As the nights draw in and temperatures drop, it can be tempting to stay indoors, eat stodgy food and forget about exercise. Which is why Ordnance Survey’s GetOutside Day comes at just the right time of year!
The goal is to challenge families to get outside and be more active on 29th September.
It’s a great way to raise the profile of outdoor activities and get babies, children, adults and grandparents outside. Whether you go for a walk, bike ride, climb a hill or enjoy a picnic, it doesn’t matter what you do, as long as you step outside your front door.
Throughout the day free events are taking place. Near to the Forest of Dean there are a couple of events you can join in with – a gentle circular walk through the Forest of Dean, including a pub lunch and a brief visit to the picturesque Lydney Harbour. And an opportunity to see extraordinary industrial heritage set amidst some of the loveliest forest landscapes. You can take your own picnic to this event and hear how to become a Free Miner!
According to the University of East Anglia, spending time outside has significant and wide-ranging health benefits. They say exposure to nature reduces the risk of type II diabetes, cardiovascular disease, premature death, preterm birth, stress, and high blood pressure.
So if you’re more couch potato, or think it’s boring to get outside, here are 12 ideas to entice you to step outside your front door.
Do a rocks treasure hunt
Join Forest of Dean rocks. The idea is to incorporate some fun into walking. You create, hide, find and post – on Facebook – decorated rocks. So go ahead and paint a couple of pebbles and leave them somewhere for people to find. You never know, you might even find your own to pick up and out and about! Hop onto the Facebook page and share your photos.
Pack a picnic
Even the most mundane food tastes better when eaten outdoors. Pack some of your favourites and find somewhere with a stunning view to stop and refuel. It could be a great excuse to hunt for one of the highest points with the most panoramic views to enjoy.
Get on the water
Whether you like paddleboarding, canoeing or a rowing boat, being on water is a wonderful way to enjoy the outdoors. Depending on where you end up, it can be as strenuous or relaxing as you like.
Walk at night time
There’s something magical about walking outside at night time. Everything sounds and looks different. On a clear night it can be wonderful to star gaze or watch shooting stars. And you get to see different wildlife too.
Take a camera
When you walk, you’ll really notice your surroundings if you set yourself a photographic challenge. One day you might photograph flowers, another day you could photograph trees, or look for blue things or pink things -the choices are endless and should encourage you to go outside day after day!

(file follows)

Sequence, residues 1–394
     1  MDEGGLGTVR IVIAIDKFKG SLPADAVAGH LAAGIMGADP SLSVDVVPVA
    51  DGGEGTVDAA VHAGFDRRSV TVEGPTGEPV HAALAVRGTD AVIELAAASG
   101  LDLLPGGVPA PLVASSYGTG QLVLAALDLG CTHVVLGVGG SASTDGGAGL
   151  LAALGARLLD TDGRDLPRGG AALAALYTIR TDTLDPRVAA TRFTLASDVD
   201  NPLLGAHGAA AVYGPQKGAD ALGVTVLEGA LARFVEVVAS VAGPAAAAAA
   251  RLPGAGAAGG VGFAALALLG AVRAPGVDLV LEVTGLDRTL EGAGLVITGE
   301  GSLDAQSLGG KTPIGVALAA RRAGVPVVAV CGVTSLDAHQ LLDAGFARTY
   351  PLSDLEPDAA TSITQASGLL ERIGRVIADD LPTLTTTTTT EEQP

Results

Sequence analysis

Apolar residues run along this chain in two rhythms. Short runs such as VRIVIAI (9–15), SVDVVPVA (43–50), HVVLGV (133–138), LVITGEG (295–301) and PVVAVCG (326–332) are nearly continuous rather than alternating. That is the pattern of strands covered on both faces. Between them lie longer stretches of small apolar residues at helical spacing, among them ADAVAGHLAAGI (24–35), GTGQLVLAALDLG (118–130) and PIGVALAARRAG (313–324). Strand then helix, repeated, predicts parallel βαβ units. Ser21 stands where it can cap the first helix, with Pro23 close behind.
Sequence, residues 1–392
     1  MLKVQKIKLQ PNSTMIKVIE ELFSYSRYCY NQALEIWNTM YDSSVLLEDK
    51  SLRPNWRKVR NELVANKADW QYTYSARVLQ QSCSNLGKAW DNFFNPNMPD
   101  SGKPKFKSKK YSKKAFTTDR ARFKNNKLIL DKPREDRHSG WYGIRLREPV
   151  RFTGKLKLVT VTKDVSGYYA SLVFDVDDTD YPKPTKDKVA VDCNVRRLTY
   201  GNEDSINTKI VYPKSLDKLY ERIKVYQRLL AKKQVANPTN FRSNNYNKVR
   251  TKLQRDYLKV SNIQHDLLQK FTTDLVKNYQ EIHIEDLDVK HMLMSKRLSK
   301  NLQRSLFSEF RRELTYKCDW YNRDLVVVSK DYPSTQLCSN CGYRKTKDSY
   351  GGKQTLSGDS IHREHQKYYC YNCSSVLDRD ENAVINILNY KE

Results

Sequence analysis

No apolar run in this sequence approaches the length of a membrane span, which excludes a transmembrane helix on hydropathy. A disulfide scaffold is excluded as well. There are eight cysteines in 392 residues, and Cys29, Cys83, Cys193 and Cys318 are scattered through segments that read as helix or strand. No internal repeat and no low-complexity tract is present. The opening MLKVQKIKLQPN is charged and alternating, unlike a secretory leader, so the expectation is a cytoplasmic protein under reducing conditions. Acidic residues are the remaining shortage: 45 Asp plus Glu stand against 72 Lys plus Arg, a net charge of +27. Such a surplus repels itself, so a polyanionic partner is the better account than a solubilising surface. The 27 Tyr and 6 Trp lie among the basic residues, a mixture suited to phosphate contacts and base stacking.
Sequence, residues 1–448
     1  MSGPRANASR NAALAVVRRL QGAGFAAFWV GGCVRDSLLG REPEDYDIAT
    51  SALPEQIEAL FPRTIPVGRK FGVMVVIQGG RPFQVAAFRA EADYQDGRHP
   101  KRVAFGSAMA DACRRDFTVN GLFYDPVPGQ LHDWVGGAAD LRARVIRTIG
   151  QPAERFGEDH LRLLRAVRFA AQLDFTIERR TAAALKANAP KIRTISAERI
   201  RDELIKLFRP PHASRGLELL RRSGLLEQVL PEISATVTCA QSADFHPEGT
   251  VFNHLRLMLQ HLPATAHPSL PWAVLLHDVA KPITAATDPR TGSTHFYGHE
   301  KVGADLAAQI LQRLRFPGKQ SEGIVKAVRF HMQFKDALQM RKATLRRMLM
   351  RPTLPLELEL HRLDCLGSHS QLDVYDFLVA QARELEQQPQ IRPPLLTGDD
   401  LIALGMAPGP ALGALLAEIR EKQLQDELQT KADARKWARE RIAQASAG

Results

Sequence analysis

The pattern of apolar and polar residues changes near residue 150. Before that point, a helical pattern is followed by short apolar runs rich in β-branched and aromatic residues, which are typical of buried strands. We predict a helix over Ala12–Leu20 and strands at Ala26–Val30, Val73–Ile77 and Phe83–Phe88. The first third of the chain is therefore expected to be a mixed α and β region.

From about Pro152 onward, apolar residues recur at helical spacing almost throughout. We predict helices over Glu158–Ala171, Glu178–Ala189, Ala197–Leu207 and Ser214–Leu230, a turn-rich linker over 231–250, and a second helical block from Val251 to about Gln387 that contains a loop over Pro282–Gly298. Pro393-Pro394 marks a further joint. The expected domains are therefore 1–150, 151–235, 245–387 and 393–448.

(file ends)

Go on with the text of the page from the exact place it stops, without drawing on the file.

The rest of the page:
Forest bathing is really popular as a therapy in Japan and, living in the Forest of Dean, we’re in the perfect place to indulge! Shinrin-yoku (or forest bathing) means ‘bathing’ all the senses, whilst walking slowly in the forest. Japan’s Forest Agency have invested $4 million to study forest bathing. It’s the opposite of hiking, searching or collecting, it’s literally ‘being’ in the forest with all your senses.
Go up in the air
Available in over 30 locations across the UK, Go Ape offer something for thrill seekers. You can go on zip wires, walk along tight ropes, hang from Tarzan swings and walk along bridges way up in the tress.
Gather things for a nature table
Nature has so much to offer and a great way to remind yourself to get outside more is to bring home treasures for a small corner of your room. In the autumn, acorns, dried leaves.
Do a pub crawl!
Well, if it gets you out and about, why not?!
Join a walking club
If you need company to keep you motivated, then a local walking club might be just the answer. As well as formal groups such as the Ramblers Association, there are also ‘walking for health’ groups. Health Walks are organised, volunteer led walks that last about an hour and are generally no more than 3 miles long, often less. Here is the Forest of Dean website.
Get on your bike
Royal Dean Forest Cycling Club’s primary aim is to enjoy cycling – whether that’s social or competitive. They’ve been cycling for over 60 years and you’ll find them on the roads, trails and tracks throughout the forest.
Wild swimming is an exhilarating way to get outside and get close to nature. The best way for beginners to start is by enlisting a guide who can help you prepare and take you along a tried and tested route. Lower Lydbrook to Yat Rock is a gentle introductory swim for beginners. It has easy entry and exit points and the possibility of buzzards, kestrels, peregrine falcons and kingfishers keeping you company on your journey.